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The Tyranny of Weakness, a novel by Charles Neville Buck

Chapter 19

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About the churchyard, like sentinels of peace, stood ranks of elms and silver oaks. They had been old and gnarled of trunk, when the man whose life had just guttered out inside had come, young and militant, to preach the letter of that law, whose spirit was to his understanding a fourth dimension. Through the long windows of colored but artless glass, now partly raised, poured slanting panels of summer sun, mottling the interior and its occupants with dashes of red and blue.

Into the hush which had fallen there crept also those minors that seemed to belong rather to an exaggerated quiet than to sound: the trill of a bird, voicing an overflow of joy and the humming of bees among the vines of the church yard, where slanting headstones bore quaintly archaic names and life dates of sailors home from the sea. A wandering butterfly had drifted in and was winging its bright way about the place where the sermon had been interrupted. But the bated breath of awed amazement broke at the end of a long-held pause into a buzz of whispered exclamation.

Conscience rose unsteadily and started forward, her hands clutched to her breast, and the minister came hurriedly down the pulpit stairs.

Later in the day when the body still lay in the parlor of the Tollman house and Conscience sat almost as motionless near by, Eben Tollman paced the floor with features set in an expression unpleasantly suggestive of the undertaker's professional solemnity.

Possibly Tollman was not inconsolably cast down. So long as the old man's precarious life spark had been a danger signal, burning against the influence of Stuart Farquaharson, it was vital that he should live. Now he was entitled to the serenity of a holy man's reward.

It was near to sunset when the husband left the room and the eyes of Conscience kindled for the first time out of their lethargic quiet. Abruptly she rose from her seat and rebelliously demanded of the young minister, "What would you say if I should confess to you that just one thing has been clear and outstanding through all the confusion of my thoughts since this morning? I've been unspeakably sullen."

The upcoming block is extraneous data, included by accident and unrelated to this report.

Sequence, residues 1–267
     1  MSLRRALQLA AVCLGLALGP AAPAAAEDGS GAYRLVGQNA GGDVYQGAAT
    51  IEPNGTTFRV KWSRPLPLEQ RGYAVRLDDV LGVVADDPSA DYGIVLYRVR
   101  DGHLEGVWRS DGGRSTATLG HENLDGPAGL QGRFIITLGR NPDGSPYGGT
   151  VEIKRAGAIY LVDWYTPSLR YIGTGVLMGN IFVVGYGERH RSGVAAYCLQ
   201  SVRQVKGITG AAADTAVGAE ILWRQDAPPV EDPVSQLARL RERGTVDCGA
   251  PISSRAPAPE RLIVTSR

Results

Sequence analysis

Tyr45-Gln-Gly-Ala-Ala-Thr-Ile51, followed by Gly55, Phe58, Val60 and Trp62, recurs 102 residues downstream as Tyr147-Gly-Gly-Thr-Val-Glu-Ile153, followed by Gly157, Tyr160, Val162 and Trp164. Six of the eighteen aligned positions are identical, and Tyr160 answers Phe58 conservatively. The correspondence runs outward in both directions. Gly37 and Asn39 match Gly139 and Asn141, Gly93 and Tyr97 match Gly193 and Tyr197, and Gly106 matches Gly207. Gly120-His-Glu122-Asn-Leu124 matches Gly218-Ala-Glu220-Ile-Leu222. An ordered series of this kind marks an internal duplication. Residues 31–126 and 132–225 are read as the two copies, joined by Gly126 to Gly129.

"I should say," he responded quietly, "that it is a guise which grief often assumes."

"No," she protested, disdaining the cajolery of self-delusion, "my sullenness isn't that sort. It's pure rebellion. I've been thinking of the abysmal failure of those who dedicate themselves most wholly. _His_ devotion to righteousness was implacably sincere and severe. It was the doctrine of the hair-shirt. He scorned to ride any wave ... he had to buffet every one head on ... until he battered out his life and wrecked himself."

"A man must serve as he reads his command," her companion reminded her. "He has done his work as he conceived it."

"And yet--" she looked into his face with a deep questioning which held no note of accusation--"if anything that you said to-day is true, his whole effort was not only wasted but perverted, and it was true. It was so terribly true that it killed him!"

"What do you mean?" Haymond's gaze searched her eyes with incredulous amazement. It seemed to be making an effort to steady her against the wild utterances of hysteria, but her response was convincingly calm.

"I mean just that. I myself had nothing in common with his views. To me they seemed narrow--pitifully narrow and uncomprehending--and he was my father. We were warned that in any sudden gust of anger his feeble life spark--would go out, so I put my own conceptions of what counted behind me and tried to shield him." Sam Haymond hardly heard the last words. He could realize only the dazing and crushing import of his own unwilling instrumentality. At last he inquired slowly, "You mean that my sermon--that the things I said--" There he broke off and the distress in his eyes was so poignantly genuine that Conscience replied softly, "No, it wasn't you. It was Fate, I guess. Even I can't blame you. It only proves that the thing I warped my own life to prevent was inevitable--that's all."

For a little while the minister stood silent and across his face passed a succession of bewildered shadows.

"It is hard for me to grasp this," he said at last with a grief-laden voice. "It is hard for me to realize that two men serving the same God; both preaching His Word with identical earnestness could be so at variance that the concept of one should give mortal hurt to the other."

They sat in silence until the sunset pageantry had dimmed to twilight. Then the man spoke again, guardedly.

"You said something about warping your life for your father's sake. I wonder if--well, I wonder if there's anything it would help you to talk about--not to the minister but to the friend."

She met his gaze with one of equal directness, and he could see an impulse, rather hungry and eager, dawn only to be repressed in her eyes. At last she shook her head. "No," she answered. "But it's good of you to ask me. No, there's nothing that talking about will mend."

* * * * *